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FOOD EVENT BENEFITS TEENS

More than 10 restaurants and breweries came together November 20 for the fifth annual Taste of the South event held at the Milton Rhodes Center for the Arts. The event is held as a benefit night for the group Authoring Action—a nonprofit organization dedicated to helping teens find their inner talent through writing and the performing arts. This year’s event featured local favorites like Sweet Potatoes and Dewey’s Bakery along with three wineries in neighboring counties. The event featured tastings, a silent action and a spoken word poetry performance from group’s students.

Authoring Action Executive Director Lynn Rhoades said this year’s event was well attended and resulted in raising more money than any of the previous years. Rhoades said Authoring Action was started by a group of women in 2002 who wanted to raise money, and the event was first held in collaboration with the National Black Theatre Festival.

Authoring Action typically includes about two dozen students every year, some of which have come from disadvantaged backgrounds and are referred by social workers. Rhoades said roughly 350 students have passed through the program since its beginning.

“Our main goal as an organization is to develop teen authors who develop original work from their life stories and their societal issues,” she said.

Rhoades added that many of her former students have become mentors of their own at prestigious institutions like Julliard, California Institute for the Arts and UNC School of the Arts.

“They most often say to us that it helped them develop their voice, that it helped them to become critical thinkers and be articulate,” she said. And just to see the world differently. Some of them say that it helped them with their own parenting skills.”

Rhoades said the most important message she aims to communicate through the program is that the teens should not see themselves as victims of their situations.

LAW STUDENTS WIN REGIONAL AWARD

Wake Forest Law’s two National Moot Court teams swept the awards at a recent tournament held in Richmond, Virginia.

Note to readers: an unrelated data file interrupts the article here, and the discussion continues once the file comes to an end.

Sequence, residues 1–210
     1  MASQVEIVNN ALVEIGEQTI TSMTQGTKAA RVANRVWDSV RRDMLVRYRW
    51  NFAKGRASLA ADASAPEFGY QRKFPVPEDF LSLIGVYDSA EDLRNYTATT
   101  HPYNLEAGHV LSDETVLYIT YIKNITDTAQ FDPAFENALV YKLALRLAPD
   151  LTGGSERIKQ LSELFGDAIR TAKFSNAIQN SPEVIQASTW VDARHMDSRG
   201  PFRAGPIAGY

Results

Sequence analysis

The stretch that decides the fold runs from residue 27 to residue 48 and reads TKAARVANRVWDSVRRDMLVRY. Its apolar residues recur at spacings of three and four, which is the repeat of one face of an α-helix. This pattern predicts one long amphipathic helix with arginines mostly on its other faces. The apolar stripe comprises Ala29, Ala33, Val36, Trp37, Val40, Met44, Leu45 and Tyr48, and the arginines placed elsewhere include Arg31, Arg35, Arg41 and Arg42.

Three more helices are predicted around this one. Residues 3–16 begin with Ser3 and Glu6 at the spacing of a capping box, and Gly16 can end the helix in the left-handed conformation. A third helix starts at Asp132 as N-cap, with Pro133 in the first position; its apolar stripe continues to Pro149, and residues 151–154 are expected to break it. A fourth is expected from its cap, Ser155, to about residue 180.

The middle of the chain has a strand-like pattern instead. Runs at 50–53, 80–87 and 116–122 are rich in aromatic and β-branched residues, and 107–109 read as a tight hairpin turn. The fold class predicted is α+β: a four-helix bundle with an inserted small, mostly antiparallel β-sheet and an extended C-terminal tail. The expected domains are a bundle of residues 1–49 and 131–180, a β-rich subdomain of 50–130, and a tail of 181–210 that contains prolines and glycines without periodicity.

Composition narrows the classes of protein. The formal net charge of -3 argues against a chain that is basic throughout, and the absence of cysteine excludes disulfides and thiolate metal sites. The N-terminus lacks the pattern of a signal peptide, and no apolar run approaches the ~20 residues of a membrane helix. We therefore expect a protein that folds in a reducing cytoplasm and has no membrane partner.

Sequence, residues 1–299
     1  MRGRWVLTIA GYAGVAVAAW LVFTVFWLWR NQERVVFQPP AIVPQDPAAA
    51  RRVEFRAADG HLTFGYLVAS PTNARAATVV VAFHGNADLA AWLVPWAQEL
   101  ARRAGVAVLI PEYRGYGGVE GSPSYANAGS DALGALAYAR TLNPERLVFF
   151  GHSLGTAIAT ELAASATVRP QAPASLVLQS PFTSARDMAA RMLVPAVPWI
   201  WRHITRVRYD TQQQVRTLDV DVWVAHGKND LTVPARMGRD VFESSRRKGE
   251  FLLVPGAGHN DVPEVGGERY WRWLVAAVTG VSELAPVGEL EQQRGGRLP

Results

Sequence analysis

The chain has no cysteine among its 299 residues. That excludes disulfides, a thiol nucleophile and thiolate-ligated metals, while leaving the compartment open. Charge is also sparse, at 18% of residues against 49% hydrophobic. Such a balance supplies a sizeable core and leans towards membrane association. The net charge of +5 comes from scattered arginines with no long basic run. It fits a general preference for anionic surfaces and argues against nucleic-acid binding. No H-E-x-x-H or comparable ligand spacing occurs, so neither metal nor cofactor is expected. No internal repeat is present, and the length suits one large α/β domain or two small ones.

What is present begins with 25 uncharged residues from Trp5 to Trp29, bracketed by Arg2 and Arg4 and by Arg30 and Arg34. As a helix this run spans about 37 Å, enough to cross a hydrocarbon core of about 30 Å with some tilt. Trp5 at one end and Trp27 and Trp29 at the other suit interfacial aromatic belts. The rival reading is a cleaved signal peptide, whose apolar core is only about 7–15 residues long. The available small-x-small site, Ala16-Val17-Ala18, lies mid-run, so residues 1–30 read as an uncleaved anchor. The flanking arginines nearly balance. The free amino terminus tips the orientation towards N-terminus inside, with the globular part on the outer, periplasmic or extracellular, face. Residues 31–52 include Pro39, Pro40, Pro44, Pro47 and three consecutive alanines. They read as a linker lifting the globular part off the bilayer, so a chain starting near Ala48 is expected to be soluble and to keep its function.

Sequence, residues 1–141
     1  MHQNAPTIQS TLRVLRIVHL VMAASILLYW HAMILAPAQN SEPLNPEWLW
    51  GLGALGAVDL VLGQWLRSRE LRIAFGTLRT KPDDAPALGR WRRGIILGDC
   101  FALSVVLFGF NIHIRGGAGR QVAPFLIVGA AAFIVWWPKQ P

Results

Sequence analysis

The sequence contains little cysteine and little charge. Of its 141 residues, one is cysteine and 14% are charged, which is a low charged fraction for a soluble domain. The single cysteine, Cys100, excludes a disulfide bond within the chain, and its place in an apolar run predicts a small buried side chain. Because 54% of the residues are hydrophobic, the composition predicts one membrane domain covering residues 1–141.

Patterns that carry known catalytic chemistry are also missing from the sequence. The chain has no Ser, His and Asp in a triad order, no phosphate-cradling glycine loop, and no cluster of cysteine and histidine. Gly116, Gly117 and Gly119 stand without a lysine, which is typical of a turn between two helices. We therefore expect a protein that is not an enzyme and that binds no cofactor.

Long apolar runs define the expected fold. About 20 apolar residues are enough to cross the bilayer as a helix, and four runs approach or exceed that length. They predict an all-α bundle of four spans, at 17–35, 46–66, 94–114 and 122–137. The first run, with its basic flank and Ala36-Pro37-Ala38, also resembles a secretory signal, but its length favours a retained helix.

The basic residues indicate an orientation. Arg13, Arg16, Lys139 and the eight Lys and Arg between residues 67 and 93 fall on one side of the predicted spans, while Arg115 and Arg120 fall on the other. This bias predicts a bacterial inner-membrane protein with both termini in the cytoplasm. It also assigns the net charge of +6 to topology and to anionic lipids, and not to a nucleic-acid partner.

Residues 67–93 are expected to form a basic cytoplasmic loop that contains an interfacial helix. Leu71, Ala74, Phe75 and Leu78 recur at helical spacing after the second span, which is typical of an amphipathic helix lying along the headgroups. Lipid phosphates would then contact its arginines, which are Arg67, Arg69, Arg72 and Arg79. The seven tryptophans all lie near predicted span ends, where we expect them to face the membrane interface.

The team of Karon Fowler, Caroline Massagee and Kelsey Meuret won the regional championship. Fowler also earned the Best Oral Argument award. By winning the region, the Fowler-Massagee-Meuret team advances to the national finals, in which 30 finalist teams from around the country will compete in New York City in February.

The team of Zachary Dunn, Jasmine Pitt and Douglas Walters won the award for the Best Brief, with a score of 92.5, becoming the first Wake Forest team to win the Best Brief award at this competition in many years.

The National Moot Court Competition, now in its 65th year, is sponsored by the Young Lawyers Committee of the Association of the Bar of the City of New York and the American College of Trial Lawyers. Region IV encompasses the law schools within Kentucky, North Carolina, Virginia and West Virginia, and is sponsored by the Virginia Bar Association Young Lawyers Division. This year 19 teams entered the regional competition, with one or two teams each from Campbell, Duke, Elon, George Mason, Regent, Kentucky, Louisville, North Carolina, Richmond, Washington and Lee, West Virginia and William and Mary.

The Fowler-Massagee-Meuret team lost a first-round match to Washington and Lee before defeating a team from Richmond in the second round and advancing to the elite eight based on point totals in the two preliminary rounds. In the quarterfinals, the team defeated a team from Louisville. In the semi-finals, the team narrowly defeated the same Washington and Lee team it had lost to in the first round. In the finals, the team defeated a team from George Mason, before a five-judge panel that included three federal judges and two state supreme court justices.

The Dunn-Pitt-Walters team defeated a team from Campbell before losing to a team from George Mason. The team narrowly missed advancing to the elite eight.

The faculty advisers for the teams were Professors John Korzen and Charles Rose. “The teams earned the awards through much hard work and a strong love for advocacy,” Korzen said. “After completing their briefs in mid-October, the teams had numerous practices before judges composed of faculty members, alumni attorneys, and non-alumni attorneys.” !

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